|Dr Westman shares his recipe with the team from the Veterinary Faculty Office.|
As many readers will know, we’ve teamed up with colleagues Deepa Gopinath and Asti May to compile The Vet Cookbook. So today we’re sharing one of our recent submissions, a recipe from Dr Mark Westman, inspired by his friend Jessica Robinson.
Even if you don’t cook these treats, you might be interested in the story behind them. This is Dr Westman's submission.
Veterinarian with a special interest in shelter medicine (nine years working for RSPCA NSW, four years working for Animal Welfare League NSW), animal welfare (memberships with the ANZCVS) and virology (PhD in feline immunodeficiency virus and feline leukaemia virus). Co-founder of Pets in thePark, a charity concerned with caring for pets owned by homeless people around Australia.
About this recipe:
During my mid-twenties I started getting fat. Not obese fat, but isn’t-life-great-pass-me-a-second-dessert fat. I am tall (6”4) and consequently I think I was able to conceal my excess weight pretty well. Until one day when I saw myself in my sister’s wedding photos with a gut, and a short time later a brutally honest nurse at work said very gently “Mark you’re getting fat”.
Like any typical male middle-class Caucasian faced with the reality of getting fat, I reached for the sweatpants and headband and started running. I used to hate running. I thought runners were idiots. As a kid I lived by the ‘I’ll only run if I’m chasing a ball’ mentality. But I persisted, because I thought it was the most efficient path to weight loss. And I started enjoying it. My aim was to be able to run 10km without stopping, three times weekly.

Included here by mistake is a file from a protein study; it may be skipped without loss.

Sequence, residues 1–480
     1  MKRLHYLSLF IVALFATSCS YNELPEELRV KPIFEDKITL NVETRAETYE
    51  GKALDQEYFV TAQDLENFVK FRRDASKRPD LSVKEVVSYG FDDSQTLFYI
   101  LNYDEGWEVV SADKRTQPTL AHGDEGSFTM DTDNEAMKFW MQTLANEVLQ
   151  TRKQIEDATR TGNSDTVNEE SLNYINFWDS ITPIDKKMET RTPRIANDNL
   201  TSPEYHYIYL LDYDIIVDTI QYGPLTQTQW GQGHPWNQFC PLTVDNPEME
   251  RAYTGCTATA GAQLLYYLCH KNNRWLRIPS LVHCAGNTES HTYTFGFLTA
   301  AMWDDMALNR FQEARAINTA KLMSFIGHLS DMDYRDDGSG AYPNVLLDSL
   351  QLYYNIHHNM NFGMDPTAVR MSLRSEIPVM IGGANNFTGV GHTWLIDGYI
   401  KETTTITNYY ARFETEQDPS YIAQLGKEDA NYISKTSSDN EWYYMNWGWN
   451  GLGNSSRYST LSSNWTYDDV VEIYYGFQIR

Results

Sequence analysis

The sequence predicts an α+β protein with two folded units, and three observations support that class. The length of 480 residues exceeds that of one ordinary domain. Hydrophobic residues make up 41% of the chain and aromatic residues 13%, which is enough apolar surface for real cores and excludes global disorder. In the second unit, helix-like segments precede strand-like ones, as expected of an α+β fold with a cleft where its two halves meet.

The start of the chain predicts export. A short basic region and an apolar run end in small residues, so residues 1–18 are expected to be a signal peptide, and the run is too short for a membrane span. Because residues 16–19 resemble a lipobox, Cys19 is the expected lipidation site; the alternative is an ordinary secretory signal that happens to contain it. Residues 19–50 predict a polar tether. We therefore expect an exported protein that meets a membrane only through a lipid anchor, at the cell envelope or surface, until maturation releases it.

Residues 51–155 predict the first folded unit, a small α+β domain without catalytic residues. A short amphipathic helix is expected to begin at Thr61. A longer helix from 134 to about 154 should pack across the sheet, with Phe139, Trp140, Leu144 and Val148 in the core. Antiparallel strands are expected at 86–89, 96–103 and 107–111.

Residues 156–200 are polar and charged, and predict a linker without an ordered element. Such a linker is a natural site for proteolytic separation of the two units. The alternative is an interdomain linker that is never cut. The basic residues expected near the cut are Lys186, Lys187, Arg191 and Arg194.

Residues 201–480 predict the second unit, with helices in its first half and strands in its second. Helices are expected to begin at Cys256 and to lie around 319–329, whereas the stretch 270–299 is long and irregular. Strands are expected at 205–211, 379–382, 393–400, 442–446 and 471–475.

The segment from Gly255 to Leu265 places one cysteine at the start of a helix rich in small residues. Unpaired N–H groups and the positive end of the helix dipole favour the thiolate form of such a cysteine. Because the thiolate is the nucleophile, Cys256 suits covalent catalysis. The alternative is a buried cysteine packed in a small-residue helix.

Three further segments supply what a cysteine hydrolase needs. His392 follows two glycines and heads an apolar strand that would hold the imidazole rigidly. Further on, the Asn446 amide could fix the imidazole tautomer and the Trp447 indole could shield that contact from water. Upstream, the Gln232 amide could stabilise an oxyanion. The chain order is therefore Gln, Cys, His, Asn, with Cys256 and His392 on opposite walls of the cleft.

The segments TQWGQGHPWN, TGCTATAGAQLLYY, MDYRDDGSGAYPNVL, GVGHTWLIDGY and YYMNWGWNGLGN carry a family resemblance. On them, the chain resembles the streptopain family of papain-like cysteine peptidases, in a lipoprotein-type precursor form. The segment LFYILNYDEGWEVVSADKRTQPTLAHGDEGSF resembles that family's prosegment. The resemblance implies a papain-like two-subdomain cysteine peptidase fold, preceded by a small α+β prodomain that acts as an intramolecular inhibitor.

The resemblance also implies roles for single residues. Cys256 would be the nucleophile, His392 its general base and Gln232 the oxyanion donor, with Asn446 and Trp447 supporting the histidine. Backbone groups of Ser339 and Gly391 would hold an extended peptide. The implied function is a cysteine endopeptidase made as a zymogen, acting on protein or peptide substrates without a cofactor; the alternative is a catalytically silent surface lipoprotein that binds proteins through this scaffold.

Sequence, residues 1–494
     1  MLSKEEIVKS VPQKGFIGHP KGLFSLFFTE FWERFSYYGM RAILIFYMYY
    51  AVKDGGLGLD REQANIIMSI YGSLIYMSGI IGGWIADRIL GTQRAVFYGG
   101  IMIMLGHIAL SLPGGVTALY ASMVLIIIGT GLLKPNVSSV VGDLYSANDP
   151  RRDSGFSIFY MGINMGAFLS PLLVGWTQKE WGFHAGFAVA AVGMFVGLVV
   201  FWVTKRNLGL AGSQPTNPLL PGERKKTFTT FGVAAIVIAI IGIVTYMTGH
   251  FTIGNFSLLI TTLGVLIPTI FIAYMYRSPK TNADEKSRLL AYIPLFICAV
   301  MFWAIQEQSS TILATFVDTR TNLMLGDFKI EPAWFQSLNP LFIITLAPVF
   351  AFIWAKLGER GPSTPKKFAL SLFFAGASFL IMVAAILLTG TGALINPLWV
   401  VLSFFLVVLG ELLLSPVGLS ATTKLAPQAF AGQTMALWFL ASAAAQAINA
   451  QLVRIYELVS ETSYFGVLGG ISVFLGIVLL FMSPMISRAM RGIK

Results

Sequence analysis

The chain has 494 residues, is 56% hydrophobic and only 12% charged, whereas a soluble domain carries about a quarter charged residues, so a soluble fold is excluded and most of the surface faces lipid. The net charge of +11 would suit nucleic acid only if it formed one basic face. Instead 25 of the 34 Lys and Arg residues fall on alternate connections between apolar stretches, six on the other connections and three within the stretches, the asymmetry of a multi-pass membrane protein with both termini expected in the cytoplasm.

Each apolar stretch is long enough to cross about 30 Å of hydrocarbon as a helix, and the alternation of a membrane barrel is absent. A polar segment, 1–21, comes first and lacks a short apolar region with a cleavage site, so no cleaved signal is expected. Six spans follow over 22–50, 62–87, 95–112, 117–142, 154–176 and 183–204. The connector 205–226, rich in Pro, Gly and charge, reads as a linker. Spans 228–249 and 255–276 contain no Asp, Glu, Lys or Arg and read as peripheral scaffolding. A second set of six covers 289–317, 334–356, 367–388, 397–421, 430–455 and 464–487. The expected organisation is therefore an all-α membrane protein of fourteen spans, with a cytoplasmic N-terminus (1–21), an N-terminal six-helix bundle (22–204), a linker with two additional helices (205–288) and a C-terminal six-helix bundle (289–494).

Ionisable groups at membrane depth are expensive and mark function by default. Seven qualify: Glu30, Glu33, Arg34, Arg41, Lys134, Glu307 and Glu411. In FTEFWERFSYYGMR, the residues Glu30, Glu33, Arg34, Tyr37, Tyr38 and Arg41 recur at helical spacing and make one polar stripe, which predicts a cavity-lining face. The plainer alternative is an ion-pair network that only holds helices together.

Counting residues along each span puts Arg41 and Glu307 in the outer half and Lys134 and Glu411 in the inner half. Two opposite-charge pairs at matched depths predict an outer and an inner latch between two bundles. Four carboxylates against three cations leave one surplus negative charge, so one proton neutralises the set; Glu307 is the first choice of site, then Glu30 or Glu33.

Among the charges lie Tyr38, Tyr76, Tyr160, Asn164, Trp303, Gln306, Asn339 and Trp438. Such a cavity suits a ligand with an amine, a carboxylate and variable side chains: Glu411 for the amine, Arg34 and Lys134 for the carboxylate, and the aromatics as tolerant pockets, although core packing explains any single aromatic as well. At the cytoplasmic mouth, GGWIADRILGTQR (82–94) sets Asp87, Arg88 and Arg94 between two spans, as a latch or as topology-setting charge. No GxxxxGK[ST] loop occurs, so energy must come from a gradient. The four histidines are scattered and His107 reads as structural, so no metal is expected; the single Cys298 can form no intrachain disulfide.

One night after running 10km with a friend at a slightly slower pace than normal, I realised I wasn’t tired. I decided to go out and do another 10km loop. It was the first time I had ever run 20km. I didn’t know it at the time, but I was on my way to becoming one of those people I used to despise. An ultrarunner.
Eight years later and running is now an essential part of my life. I run five times per week, and to date I have completed thirteen marathons, two 50km runs and five 100km races. Running keeps me physically fit, but even more importantly running helps keep me mentally strong and resilient. Life is always better after a run. I run when I am sad to make me happy (or at least less sad), and I run when I am happy to make me ecstatic. Even during the chaos of my PhD thesis submission, I still stopped and made time for a late night hour long run before sitting down for an intense writing session. Running reminds me that no matter what happens, the sun will rise the next day.
Two years before writing this entry I was involved in a fairly serious motorcycle accident. I broke a stack of bones, including multiple vertebrae, and was lucky not to be paralysed. One of the hardest realities I had to face was that the neurosurgeon who fused five of my vertebrae together told me I would never run long distances again. I accepted this and tried to be grateful to just be alive.